Commission of Investigation – IBRC and matters of significant public concern


I very much welcome the establishment of this Commission of Investigation and my only regret is that this Commission was not established earlier. Significant questions have been raised in recent months in relation to deals conducted by the Irish Bank Resolution Corporation or IBRC and the best and most transparent way to get the necessary answers, both for the Government and the people of Ireland, is through a Commission of Investigation.

I commend Minister Noonan on the approach he has taken to the establishment of the Commission and believe that the proper consideration given to the set-up of this inquiry is reflected in the terms of reference, which, while trying to get to the nub of the questions raised in recent weeks, also aims to limit the scope of the inquiry to the matters of significant public concern, which should ensure that the government gets the Commission’s report in a timely manner.

The decision to have the Commission report no later than the end of this year is very welcome, it will ensure that the work is carried out quickly and thoroughly and that the matter does not drag on for years, a six-month timeframe is adequate and I have every confidence that the matter can be investigated properly in that timeframe.

The Commission of Inquiry faces many difficult decisions in coming months, but one of the most difficult decisions it will have to decide upon is what represented good value for money, both in terms of the sale of SiteServ and other transactions. When one is forced to sell in a firesale setting, it can be hard to comprehend the scale of the write-downs that occur.
Property owners all across the country have come to the hard realisation that the selling price of a property is not always determined by value for money considerations on the part of the vendor.

For many people forced to sell property at the height of the economic bust, the value achieved at sale was only a fraction of the real value of the property, considerations which also influenced the sale price included public confidence, availability of investment funds, national economic performance and outlook and the availability of buyers with the interest, confidence and wherewithal to make the investment.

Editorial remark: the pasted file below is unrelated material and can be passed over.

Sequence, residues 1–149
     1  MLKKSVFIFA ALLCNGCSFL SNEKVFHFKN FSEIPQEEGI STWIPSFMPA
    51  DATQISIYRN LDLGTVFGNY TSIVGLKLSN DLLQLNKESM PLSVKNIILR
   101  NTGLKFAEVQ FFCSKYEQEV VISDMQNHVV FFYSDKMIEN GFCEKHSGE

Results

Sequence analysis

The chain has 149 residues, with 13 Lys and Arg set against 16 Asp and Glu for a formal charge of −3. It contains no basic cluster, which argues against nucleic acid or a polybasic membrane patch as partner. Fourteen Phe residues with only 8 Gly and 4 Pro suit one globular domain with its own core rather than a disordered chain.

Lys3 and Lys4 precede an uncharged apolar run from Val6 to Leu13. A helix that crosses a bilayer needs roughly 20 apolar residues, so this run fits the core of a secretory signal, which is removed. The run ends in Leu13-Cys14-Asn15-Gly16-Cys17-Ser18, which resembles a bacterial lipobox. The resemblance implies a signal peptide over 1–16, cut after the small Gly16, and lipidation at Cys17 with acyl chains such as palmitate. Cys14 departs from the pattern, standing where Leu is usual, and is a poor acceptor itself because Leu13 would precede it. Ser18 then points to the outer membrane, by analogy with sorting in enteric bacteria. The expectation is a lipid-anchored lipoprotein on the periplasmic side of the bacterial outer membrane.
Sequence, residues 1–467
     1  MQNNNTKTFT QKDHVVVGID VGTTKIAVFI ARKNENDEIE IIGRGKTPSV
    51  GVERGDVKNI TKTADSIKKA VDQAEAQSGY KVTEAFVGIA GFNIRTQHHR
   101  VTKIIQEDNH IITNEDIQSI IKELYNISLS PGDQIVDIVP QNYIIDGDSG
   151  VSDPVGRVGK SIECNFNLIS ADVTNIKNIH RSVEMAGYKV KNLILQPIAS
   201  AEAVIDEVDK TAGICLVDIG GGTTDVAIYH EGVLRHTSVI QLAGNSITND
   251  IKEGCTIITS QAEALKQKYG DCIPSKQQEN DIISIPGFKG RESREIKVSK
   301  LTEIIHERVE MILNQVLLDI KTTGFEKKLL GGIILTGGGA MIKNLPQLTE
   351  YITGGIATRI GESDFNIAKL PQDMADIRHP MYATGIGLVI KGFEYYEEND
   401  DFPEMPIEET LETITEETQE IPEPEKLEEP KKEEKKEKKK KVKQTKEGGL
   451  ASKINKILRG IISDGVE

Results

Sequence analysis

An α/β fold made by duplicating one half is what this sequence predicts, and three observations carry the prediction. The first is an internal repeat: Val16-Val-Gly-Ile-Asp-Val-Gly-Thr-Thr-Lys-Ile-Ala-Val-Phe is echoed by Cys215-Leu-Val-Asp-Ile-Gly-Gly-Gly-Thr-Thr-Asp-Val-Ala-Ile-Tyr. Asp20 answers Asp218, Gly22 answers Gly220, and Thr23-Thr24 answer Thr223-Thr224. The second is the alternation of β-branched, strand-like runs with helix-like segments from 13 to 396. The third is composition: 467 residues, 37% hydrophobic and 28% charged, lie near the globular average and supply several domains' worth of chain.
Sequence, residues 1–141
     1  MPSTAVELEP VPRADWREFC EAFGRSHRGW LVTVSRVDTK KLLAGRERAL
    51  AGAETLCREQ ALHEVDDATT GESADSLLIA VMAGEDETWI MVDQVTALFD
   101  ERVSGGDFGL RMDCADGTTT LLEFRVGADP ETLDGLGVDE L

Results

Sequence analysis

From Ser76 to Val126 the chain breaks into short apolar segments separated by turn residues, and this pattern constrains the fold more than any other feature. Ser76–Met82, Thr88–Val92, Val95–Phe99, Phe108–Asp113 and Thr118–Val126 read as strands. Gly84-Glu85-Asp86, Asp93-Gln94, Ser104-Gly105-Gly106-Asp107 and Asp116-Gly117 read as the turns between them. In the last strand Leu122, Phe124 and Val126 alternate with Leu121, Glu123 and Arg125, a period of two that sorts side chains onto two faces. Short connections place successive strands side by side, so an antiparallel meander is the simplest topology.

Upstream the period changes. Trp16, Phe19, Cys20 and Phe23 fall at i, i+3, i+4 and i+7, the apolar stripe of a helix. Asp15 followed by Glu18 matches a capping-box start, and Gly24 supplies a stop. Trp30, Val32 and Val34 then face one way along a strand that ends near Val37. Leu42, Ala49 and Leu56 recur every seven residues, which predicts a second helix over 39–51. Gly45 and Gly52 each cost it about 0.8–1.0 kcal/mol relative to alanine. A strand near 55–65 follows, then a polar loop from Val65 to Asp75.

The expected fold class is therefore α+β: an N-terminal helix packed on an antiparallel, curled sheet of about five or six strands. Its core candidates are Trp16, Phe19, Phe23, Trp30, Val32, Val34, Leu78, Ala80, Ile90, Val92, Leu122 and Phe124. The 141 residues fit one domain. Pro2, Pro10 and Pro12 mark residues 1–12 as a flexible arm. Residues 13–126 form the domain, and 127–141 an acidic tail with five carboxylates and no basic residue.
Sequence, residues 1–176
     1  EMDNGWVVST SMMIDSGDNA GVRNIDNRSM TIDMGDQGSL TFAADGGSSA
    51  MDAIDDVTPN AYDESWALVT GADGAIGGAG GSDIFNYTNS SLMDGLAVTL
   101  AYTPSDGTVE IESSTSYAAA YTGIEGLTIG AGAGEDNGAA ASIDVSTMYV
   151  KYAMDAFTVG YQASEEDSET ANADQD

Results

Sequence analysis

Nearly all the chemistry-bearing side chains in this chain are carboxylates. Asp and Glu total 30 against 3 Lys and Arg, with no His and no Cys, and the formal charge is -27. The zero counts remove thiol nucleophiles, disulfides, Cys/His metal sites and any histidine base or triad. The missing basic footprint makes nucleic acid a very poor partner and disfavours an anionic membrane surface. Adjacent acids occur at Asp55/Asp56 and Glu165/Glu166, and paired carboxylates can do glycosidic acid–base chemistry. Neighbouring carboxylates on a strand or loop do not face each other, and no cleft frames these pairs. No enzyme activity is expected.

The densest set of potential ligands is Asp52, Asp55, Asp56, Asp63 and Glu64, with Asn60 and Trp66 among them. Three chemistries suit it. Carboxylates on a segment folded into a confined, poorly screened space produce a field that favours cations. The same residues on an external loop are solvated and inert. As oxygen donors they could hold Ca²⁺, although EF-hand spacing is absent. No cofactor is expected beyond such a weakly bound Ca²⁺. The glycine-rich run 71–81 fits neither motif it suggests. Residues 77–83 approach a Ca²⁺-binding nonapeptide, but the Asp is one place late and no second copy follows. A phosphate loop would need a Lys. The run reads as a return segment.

The need for this Commission of Investigation is prompted by the danger of a public perception that the big player in the market is always at an advantage over the smaller player. There is no doubt that those who have the money to purchase property at the lowest ebb of a recessionary cycle stand to make most as an economy recovers, and that is true all over the world, but what this Commission of Investigation has to decide is if unfair advantage was given to any particular player at the expense of the Irish taxpayer.

Thus, I welcome the elements in the terms of reference that make specific reference to preferential or unduly favourable interest rates and also any unusual share trading. These are important questions that we need answered in the report in six months’ time.

It is only at the benefit of a few years remove that we are really getting to grips with exactly how toxic Anglo Irish Bank was. The state aims to recover its investment in Bank of Ireland, AIB and Permanent TSB. However, there is no such happy ending in terms of the state’s involvement in Anglo Irish Bank. The government has pledged to withdraw from its involvement in the banking market as soon as is practicable, and as soon as Ireland has a properly functioning and competitive banking sector which can serve the people’s interests.

The wind-down of Anglo and Irish Nationwide was promised in the Fine Gael election manifesto in advance of the 2011 election and the vehicle used to achieve this wind-down was the Irish Bank Resolution Corporation. I believe that we must not equate Anglo with the IBRC and must understand that the function of IBRC was to achieve an orderly and timely wind-down of the bank.

The lessons learned during the last decade must not be forgotten. The disaster that was light-touch banking regulation has cost this country dearly and has impacted on the lives of hundreds of thousands of Irish citizens.

Lessons will continue to be learned and that is why I welcome the transparency offered by this Commission of Investigation and look forward to the report that will be published as a result as I believe that it will provide information and clarity in terms of some very significant transactions and adjudicate upon whether or not those transactions were conducted in the best interests of the Irish public.